By on April 22, 2010

A photo enforcement company and city officials are gearing up to fight members of the public who will soon vote on the issue of red light cameras in Baytown, Texas. Earlier this year, American Traffic Solutions (ATS) set up a front group entitled Safety Cameras for a Safer Baytown to serve as its political action committee in opposition to a ballot measure that would ban the use of cameras. The firm used the same tactic in its failed effort to save cameras from a public vote in College Station last year.

Less than two weeks after the vote in that city, an article on TheNewspaper regarding the upcoming referendum in Baytown prompted ATS National Project Manager Jason Norton to ask, “What is the story?” City officials continued most of the discussion by telephone to avoid disclosure of their discussions under freedom of information laws. Officials made an exception for one point intended to be made in writing.

“Please be aware that ATS assumes the risk of the investment of expansion,” Deputy City Manager Bob Leiper wrote in a November 16 email to ATS. “City council supports the enhanced safety provided by the additional [red light camera] locations but we also expect an election ballot item related to red light cameras in May 2010.”

City lawyers succeeded in delaying that vote by forcing camera opponents to start from scratch with a revised referendum petition. Officials have used the extra time to work with ATS in generating marketing material to promote the benefits of photo enforcement “in regards to revenue.” The red light camera support front group also established “Baytown Cameras Work” on Facebook — a group that currently has just one friend, Norm Nolasco. Nolasco happens to the the CEO of Advarion Inc, the website campaign organization hired to create political websites on behalf of ATS.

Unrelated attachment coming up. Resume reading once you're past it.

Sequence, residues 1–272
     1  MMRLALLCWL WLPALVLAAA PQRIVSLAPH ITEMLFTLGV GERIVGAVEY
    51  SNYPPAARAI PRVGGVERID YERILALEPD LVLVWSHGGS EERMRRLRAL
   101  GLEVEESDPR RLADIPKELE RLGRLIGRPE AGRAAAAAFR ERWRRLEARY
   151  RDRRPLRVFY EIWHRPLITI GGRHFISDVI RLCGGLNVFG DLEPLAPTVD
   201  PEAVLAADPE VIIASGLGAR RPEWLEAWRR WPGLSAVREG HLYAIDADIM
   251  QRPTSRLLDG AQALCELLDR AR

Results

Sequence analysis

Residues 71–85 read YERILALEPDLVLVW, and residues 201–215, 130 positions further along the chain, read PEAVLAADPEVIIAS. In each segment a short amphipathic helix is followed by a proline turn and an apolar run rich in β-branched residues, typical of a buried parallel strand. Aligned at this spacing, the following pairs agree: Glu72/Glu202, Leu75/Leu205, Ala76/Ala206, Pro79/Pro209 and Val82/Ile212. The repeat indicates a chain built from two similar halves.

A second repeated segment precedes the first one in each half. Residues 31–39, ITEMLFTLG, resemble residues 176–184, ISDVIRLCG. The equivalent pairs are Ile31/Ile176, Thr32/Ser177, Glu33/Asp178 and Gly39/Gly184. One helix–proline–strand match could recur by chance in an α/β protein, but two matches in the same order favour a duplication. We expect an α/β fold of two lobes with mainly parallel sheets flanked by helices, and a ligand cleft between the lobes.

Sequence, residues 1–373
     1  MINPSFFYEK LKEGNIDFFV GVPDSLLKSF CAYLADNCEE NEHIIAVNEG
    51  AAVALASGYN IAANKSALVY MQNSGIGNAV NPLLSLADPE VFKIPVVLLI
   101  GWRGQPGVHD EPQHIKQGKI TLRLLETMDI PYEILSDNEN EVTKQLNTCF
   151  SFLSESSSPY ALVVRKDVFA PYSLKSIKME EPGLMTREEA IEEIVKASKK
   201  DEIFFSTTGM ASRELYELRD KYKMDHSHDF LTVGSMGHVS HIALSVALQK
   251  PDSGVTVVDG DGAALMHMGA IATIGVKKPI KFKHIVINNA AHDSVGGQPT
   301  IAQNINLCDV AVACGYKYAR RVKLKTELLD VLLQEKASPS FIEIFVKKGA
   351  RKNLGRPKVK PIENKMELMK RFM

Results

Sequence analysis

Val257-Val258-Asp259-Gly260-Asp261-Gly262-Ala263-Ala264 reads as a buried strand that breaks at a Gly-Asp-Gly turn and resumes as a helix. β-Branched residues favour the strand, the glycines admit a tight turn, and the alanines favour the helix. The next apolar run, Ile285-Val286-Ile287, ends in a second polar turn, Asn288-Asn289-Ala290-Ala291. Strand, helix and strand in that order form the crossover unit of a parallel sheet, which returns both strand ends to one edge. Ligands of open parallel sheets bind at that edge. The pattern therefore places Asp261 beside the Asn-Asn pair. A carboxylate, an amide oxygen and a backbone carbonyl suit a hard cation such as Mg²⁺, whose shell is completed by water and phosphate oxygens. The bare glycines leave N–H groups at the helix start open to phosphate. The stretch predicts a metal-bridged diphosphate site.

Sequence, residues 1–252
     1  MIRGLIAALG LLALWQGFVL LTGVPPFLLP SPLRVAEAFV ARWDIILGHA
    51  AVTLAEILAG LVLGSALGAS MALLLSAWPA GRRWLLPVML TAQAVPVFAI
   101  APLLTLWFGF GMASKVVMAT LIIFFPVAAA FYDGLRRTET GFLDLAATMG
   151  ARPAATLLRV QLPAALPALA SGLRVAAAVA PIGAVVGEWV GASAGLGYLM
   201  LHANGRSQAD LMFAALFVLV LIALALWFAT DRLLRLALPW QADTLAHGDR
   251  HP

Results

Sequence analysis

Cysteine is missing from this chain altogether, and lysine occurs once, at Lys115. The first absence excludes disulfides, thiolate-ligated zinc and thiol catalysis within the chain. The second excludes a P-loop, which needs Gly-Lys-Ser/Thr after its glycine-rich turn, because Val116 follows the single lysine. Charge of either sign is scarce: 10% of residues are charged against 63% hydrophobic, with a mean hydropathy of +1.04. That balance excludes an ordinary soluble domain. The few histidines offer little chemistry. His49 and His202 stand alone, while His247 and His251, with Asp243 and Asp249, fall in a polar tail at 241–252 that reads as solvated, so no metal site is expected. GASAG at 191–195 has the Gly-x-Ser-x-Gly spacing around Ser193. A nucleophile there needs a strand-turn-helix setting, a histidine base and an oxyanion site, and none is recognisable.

“Baytown Cameras Work is endorsed by the National Safety Council,” a March 16 posting on the Facebook page stated. “Please visit our site for more information.”

The Safety Cameras for a Safer Baytown website also displayed the logos of the National Safety Council, Insurance Institute for Highway Safety and Partnership for Advancing Road Safety and claimed their endorsement. When Baytown resident and anti-camera petition organizer Byron Schirmbeck contacted the organizations, he was told no such endorsements were ever given. Under Internal Revenue Service rules, a 501(c)(3) organization such as the National Safety Council is absolutely prohibited from engaging in political activities, including endorsing particular candidates or ballot measures. The IRS investigates any complaints made regarding violations of these rules. The logos were recently removed from the website, but not the Facebook page.

In response to Shirmbeck’s activism, Baytown Police legal advisor Ford Hamilton asked ATS in February to locate the video for “an old violation issued to Mr. Byron Schirmbeck.” ATS responded in less than an hour.

“Absolutely,” Client Services Liaison Jennifer Shawley wrote. “Give me a few and I’ll have it unarchived. Do you need me to email you the pictures and video or do you just need to view them in Axsis?”

Last month, a similar video was used in an attempt to silence Illinois state Senator Dan Duffy who had introduced legislation that would have banned the use of automated ticketing machines statewide. A copy of the correspondence between ATS and Baytown can be found in a 600k PDF file at the source link below.

Source: PDF File Correspondence with American Traffic Solutions (City of Baytown, Texas, 4/22/2010)


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2 Comments on “Texas: Photo Ticket Firm Gears Up To Fight Public Vote...”

  • avatar

    According to the articles, placing the yellow to under 4 seconds violates Texas law…..why are there no charges against those responsible?

    • 0 avatar

      Until the government decides it will follow the law, it doesn’t.

      Especially when we get to revenue production.

      Every time red-light cameras hit town, the stories of which laws they violate, the kick-backs, and privacy violations hit the media outlets.

      So far, towns have yielded when citizens vote cameras out of town. It’s likely that will change at some point.

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